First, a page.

Teething Remedies That Aren't Worth the Risk

Mom helps her baby soothe teething pain

When a four- to six-month-old baby gets a bit upset, people often assume it's because they are teething. As a parent, it can be difficult to see your little one in distress, so you'll probably want to give them something to soothe swollen gums and ease the discomfort. Over the years, people have developed plenty of teething remedies. Although some of those remedies do help your baby's gums, others can do more harm than good. Here are the remedies that are best left behind and the ones that can indeed help.

Teething Necklaces

Some teething remedies have been embraced by celebrities, but not by doctors. Flipping through a gossip magazine, for example, might show you babies of the rich and famous wearing amber bead teething necklaces. Amber is thought to soothe babies' discomfort thanks to a pain-relieving substance activated by their body heat. But, as reported by Channel News Asia, there's no scientific evidence to support this belief. Beyond providing little additional benefit to a teething child, these necklaces also present a choking hazard if one of the beads breaks off and a strangling hazard as well.

Teething Gels

Teething gels containing ingredients that numb the gums can seem like a great way to help a baby cope with pain. But the ingredients in those gels, namely benzocaine, can be bad news for little ones. The U.S. Food and Drug Administration (FDA) has advised parents to avoid using gels or other topical products that contain benzocaine on children under the age of two. This local anaesthetic can be harmful to tots in two ways: First, the gel numbs inside of the mouth, which can make it difficult for a child to swallow. Secondly – and much less commonly – it can cause methemoglobinemia, a condition that reduces the amount of oxygen in the blood. If your baby does seem to be dealing with a lot of pain while teething, talk to the doctor or dentist about giving them a baby-sized dose of a safer pain reliever, such as paracetamol or ibuprofen.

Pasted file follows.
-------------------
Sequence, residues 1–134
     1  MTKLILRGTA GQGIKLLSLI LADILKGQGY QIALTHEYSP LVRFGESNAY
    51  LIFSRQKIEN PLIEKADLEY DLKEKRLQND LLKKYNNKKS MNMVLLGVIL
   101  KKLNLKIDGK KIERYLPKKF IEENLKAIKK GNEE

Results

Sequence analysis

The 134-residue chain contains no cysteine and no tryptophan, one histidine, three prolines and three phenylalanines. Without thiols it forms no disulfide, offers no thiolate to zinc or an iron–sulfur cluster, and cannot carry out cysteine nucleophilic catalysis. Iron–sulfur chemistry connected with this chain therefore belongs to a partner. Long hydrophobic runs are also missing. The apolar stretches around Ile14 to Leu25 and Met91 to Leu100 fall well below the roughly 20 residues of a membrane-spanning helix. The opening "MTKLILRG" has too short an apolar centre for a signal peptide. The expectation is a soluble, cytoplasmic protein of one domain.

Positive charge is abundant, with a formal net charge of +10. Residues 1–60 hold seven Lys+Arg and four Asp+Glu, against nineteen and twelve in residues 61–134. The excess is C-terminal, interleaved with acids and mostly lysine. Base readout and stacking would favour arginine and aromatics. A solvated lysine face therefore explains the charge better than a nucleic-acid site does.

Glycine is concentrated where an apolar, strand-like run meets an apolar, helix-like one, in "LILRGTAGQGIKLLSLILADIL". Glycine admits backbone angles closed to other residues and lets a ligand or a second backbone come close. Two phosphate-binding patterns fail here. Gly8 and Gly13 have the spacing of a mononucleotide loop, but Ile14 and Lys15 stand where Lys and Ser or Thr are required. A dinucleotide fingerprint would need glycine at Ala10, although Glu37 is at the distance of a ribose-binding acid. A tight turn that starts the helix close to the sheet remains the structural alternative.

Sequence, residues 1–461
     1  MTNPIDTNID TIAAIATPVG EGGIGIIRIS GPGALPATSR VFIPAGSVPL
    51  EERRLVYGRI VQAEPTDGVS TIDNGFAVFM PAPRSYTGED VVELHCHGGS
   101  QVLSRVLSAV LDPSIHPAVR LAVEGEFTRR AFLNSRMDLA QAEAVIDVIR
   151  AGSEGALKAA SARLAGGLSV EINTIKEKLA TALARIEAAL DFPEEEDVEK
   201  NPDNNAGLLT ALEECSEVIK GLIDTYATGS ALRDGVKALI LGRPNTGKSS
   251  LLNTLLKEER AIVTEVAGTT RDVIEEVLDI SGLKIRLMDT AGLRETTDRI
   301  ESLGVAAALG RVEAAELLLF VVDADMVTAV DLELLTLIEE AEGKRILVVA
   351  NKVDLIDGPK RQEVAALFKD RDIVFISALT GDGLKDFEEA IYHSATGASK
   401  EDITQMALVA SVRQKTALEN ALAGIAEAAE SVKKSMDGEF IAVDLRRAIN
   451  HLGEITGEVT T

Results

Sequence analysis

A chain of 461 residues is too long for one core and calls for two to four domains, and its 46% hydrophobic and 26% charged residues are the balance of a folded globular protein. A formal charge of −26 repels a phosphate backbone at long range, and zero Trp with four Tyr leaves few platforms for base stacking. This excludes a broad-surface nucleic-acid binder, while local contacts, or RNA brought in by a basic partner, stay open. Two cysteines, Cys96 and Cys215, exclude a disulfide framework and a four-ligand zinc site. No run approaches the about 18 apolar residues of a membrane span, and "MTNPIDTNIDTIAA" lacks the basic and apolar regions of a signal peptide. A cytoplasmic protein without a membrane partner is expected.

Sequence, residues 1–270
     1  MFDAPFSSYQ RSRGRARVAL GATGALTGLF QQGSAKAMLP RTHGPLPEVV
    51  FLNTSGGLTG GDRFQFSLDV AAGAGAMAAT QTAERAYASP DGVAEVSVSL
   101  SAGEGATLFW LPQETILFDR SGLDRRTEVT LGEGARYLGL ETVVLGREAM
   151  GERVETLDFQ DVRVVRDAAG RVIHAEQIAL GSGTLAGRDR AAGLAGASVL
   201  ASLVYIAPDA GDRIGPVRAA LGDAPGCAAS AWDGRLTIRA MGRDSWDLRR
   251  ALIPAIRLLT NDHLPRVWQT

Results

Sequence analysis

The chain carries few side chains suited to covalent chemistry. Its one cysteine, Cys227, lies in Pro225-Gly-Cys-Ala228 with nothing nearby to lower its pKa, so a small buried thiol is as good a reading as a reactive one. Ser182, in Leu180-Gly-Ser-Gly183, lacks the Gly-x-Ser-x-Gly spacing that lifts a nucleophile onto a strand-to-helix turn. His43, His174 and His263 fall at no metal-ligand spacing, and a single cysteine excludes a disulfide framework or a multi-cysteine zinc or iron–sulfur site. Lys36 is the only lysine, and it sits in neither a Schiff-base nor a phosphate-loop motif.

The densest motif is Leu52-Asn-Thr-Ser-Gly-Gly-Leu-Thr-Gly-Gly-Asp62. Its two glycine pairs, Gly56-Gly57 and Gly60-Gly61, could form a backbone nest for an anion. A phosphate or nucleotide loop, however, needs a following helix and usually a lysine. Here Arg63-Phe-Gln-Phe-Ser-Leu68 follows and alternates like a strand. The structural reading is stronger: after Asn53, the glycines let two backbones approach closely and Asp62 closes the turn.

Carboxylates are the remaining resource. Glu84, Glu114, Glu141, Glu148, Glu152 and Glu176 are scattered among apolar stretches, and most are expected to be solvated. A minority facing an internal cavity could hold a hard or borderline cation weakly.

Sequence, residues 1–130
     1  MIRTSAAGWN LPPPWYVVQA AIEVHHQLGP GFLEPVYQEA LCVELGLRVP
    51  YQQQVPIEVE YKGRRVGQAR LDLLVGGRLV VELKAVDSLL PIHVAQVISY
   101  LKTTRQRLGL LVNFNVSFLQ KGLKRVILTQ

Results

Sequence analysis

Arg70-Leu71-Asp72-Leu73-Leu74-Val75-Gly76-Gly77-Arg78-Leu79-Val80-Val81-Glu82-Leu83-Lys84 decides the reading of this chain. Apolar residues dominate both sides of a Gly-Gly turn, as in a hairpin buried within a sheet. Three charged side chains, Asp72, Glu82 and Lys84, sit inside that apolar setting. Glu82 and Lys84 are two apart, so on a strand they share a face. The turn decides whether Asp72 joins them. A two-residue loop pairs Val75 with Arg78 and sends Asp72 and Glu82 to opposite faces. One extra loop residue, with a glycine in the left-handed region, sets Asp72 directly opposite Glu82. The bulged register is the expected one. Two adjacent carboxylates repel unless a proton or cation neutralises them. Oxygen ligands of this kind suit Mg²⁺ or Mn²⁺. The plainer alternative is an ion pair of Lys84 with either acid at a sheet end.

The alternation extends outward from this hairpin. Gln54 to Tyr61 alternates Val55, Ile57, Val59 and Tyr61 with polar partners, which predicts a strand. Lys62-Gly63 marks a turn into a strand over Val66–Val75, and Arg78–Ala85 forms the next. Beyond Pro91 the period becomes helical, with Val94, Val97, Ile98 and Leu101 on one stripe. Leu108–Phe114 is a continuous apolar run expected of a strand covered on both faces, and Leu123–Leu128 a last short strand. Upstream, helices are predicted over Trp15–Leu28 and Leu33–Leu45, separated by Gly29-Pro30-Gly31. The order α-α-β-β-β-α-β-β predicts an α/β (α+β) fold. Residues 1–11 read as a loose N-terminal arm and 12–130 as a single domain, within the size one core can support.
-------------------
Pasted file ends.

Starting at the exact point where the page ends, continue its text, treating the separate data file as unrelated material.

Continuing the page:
Frozen Teething Rings

A firm ring or teething toy is a great teething remedy for a fussy baby, as is an object that is just slightly cool. But, keep in mind you want to avoid giving your child something that's too firm or too cold, as both can make the discomfort worse. A toy that's frozen solid can bruise your baby's tender gums, whereas a toy that's excessively cold can cause similar injury, according to the American Academy of Pediatrics (AAP). It's OK to give your baby a slightly chilled teething ring; just make sure you stash it in the refrigerator, rather than the freezer.

What Is Safe to Do

No gels, no freezer – you might be wondering just what is the safe way to soothe a teething baby. Less is more when it comes to relieving teething pain. Try to massage your baby's gums with a clean finger to reduce swelling. If he wants to chew on something, pick a rubber or firm plastic object that won't break easily. Your baby might also enjoy gnawing on a big, plain bagel or a damp, chilled dishcloth.

Once that first tooth pops up, it's time to start taking good care of it. Get good dental care habits started early by brushing the new teeth as soon as they emerge.

This article is intended to promote understanding of and knowledge about general oral health topics. It is not intended to be a substitute for professional advice, diagnosis or treatment. Always seek the advice of your dentist or other qualified healthcare provider with any questions you may have regarding a medical condition or treatment.

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Top Tips For Good Oral Care During INFANCY

Here are some east ways to take care of your baby’s teeth and gums:

  • Before teeth have erupted, clean your baby’s gums and the teeth by rubbing a clean, damp washcloth along the baby's upper and lower gums

  • When your baby has teeth, start brushing your baby’s at least two to three times a day with a soft-bristled toothbrush and water